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Saturday, October 15, 2016

How Being Action Oriented Takes You Way Ahead Of Competition?

Lets face it. Most of us have a problem with being action oriented. Most of us love to tell ourselves: 
I will do it tomorrow or I will do it after sometime or some other day. 

Most of us realize that few tasks are really important for our personal growth. But we always find one reason or another to postpone these tasks. Here are the most common reasons or lies we tell ourselves:
  • I am physically fit, I don't need to exercise daily. I will do it when I need it.
  • I am not yet ready for a job change or role change. I don't want to take additional responsibility as of now. I am happy with what I have.
  • I know this certification is important for me but I will do it next month because the festive season has just started I have guests visiting my place and on top of that I have to attend my cousin's wedding this month.
Even though these are extremely important actions but still we are reluctant to do things for our future. Have you ever wondered why? Let us look at some of the top causes/ reasons:


  • Undervaluing the future. The future prospect looks lucrative to you but is not exciting enough for you to act. In the back of your mind you probably undervalue it.
  • You may also be overvaluing the present. That is the cause of being in the comfort zone. One day when you realize that the current comfort will not last forever, that day, action will happen automatically. Don't wait for that day.
  • Not valuing at all. There is a possibility that you have not even understood the impact of inaction and not rightly valued the future. Probably you are ignorant. For example, look how small investments can grow by power of compounding. How To Make Rs 65 Lakhs By Investing Rs 12,500 Per Month?.
  • Procrastination. You may have the habit of prioritizing the lesser important tasks over more important tasks because the lesser important tasks are more pleasurable.
  • Plain laziness. There is a possibility that you are just plain lazy. You just love to be laid back. This is a difficult fact to face but be honest with yourself, check it out for yourself and fix it on top priority.
So we are our biggest competitors, more than the others the fight is within us to beat ourselves and become the best version of us.

Here are some of the tools/ techniques to get better and beat ourselves...

The reason why I am able to write some of the above points is because I have experienced some of these myself. Here is what I suggest we should do...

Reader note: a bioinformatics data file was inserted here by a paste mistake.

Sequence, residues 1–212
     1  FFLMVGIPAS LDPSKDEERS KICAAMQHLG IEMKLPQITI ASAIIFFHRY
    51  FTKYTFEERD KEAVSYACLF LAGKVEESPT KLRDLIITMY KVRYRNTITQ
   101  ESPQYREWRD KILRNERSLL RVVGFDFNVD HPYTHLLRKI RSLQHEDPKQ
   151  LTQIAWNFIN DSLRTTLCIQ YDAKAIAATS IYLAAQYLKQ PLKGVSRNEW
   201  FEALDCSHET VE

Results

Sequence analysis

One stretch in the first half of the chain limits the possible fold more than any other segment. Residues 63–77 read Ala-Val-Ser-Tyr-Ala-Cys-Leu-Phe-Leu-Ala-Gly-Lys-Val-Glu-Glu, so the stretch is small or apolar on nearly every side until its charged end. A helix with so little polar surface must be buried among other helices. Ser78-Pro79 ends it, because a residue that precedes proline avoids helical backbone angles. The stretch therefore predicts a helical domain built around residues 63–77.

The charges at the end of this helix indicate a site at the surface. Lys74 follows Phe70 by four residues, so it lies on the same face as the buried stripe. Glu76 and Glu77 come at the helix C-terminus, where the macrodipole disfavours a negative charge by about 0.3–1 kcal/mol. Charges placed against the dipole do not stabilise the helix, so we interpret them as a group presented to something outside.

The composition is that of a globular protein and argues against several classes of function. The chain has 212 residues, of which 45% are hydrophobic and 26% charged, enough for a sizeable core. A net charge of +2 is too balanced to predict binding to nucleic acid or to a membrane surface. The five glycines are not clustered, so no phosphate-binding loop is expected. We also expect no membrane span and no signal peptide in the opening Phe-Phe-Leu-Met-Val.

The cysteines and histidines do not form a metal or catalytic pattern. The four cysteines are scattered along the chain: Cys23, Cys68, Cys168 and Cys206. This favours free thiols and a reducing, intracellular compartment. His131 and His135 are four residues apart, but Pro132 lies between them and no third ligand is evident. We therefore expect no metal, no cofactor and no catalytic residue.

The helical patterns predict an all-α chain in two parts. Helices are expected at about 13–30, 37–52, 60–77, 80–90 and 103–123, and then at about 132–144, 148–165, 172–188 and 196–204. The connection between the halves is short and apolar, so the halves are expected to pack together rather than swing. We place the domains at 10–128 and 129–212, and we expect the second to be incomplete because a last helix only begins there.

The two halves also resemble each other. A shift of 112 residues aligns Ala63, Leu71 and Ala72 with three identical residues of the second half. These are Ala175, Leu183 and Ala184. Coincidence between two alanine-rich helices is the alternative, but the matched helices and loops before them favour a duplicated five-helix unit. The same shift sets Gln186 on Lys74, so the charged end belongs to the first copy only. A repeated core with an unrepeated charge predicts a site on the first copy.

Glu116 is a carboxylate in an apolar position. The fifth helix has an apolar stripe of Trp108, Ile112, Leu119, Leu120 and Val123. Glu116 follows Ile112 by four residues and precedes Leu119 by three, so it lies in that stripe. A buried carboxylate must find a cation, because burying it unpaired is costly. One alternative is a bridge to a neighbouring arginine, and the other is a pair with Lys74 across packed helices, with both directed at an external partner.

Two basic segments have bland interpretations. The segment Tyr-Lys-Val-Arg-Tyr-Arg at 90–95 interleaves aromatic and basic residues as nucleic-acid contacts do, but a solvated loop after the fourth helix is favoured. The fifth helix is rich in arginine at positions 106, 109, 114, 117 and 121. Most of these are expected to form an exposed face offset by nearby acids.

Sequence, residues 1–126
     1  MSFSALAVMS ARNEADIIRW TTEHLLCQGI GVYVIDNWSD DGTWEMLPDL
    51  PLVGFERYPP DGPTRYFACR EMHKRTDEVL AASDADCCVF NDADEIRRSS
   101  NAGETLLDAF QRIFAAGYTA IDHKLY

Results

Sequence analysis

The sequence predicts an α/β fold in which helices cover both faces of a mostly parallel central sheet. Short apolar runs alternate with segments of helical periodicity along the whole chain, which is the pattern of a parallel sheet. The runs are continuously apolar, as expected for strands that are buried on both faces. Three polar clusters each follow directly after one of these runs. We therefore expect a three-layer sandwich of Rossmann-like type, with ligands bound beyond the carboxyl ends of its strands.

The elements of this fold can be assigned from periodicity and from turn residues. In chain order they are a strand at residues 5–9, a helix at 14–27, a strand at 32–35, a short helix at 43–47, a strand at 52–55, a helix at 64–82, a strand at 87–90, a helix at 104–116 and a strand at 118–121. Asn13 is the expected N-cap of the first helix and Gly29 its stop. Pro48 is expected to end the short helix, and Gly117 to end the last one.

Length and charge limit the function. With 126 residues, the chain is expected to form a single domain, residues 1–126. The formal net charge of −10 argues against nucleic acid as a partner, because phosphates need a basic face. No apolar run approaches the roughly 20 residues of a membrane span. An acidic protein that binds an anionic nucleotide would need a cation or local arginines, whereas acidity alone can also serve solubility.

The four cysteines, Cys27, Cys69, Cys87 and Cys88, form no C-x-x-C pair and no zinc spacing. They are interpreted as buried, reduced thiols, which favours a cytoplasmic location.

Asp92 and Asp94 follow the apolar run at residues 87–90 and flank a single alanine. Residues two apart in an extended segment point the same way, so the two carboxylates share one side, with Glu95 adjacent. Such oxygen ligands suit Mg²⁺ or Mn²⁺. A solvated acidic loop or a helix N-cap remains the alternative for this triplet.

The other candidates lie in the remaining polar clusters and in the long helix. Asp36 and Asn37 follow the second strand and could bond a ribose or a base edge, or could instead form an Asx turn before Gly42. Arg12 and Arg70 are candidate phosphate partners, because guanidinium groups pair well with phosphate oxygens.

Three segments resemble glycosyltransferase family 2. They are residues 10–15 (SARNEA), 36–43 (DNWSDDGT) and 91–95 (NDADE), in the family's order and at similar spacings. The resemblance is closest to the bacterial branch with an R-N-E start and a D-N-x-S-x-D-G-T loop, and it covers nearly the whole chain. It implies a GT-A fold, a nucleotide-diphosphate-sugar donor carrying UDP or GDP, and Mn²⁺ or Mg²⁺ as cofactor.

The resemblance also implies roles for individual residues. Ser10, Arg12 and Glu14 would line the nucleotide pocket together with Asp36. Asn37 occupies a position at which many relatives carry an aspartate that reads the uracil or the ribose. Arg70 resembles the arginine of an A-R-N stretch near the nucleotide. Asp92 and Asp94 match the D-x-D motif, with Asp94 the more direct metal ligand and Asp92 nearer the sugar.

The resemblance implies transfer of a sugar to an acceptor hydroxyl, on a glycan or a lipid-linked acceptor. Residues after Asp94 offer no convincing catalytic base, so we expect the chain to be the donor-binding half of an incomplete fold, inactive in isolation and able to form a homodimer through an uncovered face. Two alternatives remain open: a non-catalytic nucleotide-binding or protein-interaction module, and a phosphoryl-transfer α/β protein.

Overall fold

Be focused

A very effective way to get productive results is to be focused on one job at at time. Avoid patterns of Brownian motion in the way you think and act. Once you have decided your goal and chosen the path that you want to take then stick to it. Don't make frequent changes in your action plan. If you make frequent changes then there are chances that you may get lost in the path to success.
Utilize Short Spurts
Another idea is to utilize ‘Short spurts’ of energy and passion. Here is what I do…
Push myself to do a little more in my short spurt…
  1. When I go for a walk or a jog. I keep a target and then push myself a little more to go for one extra lap.
  2. When I give myself a target of writing 1 blog post per week, I push myself to write 1 or 2 extra blog posts for the month.
  3. When I am about to finish my work I check the list of pending items and push myself to complete one more additional task for that day.
Pomodoro Technique

As per Wikipedia the Pomodoro technique is defined as below:
The Pomodoro Technique is a time management method developed by Francesco Cirillo in the late 1980s. The technique uses a timer to break down work into intervals, traditionally 25 minutes in length, separated by short breaks. These intervals are named pomodoros, the plural in English of the Italian word pomodoro (tomato), after the tomato-shaped kitchen timer that Cirillo used as a university student. The method is based on the idea that frequent breaks can improve mental agility.
Utilize this time management technique to be focused on your task and work on it for 25 minutes without any distraction. You can set a timer to record the time and take about 5 minutes breaks between consecutive pomodoros. While in a pomodoro you can note down any mental distractions/ thoughts on a paper but if the distraction is bigger then you may need to abandon the pomodoro and start over again because a pomodoro is 25 minutes of focused time where you can work on a task with full flow and with undivided attention.

Last but not the least, develop a habit of delayed gratification and try to get away from instant gratification. This will help you plan for a better future. 


The point I am trying to make is, (a) be focused (b) when you know that you are doing well in your short spurt then just push yourself a little more (c) Utilize time management techniques like pomodoro to get maximum results (d) Live life to the fullest, enjoy the present moment but make every possible effort for a better tomorrow. Because even before you blink, today will become yesterday and tomorrow will become today.

Conclusion:
Small is beautiful, lets us learn to appreciate the value of small efforts. This will help you become action oriented and be the best version of yourself. Eventually you will be able to finish more tasks than what your competitors do. As a result you will be able to draw that little competitive advantage which you can utilize to stay ahead of them in anything and everything you do.

Remember the quote: Success is the sum of small efforts - repeated day in and day out.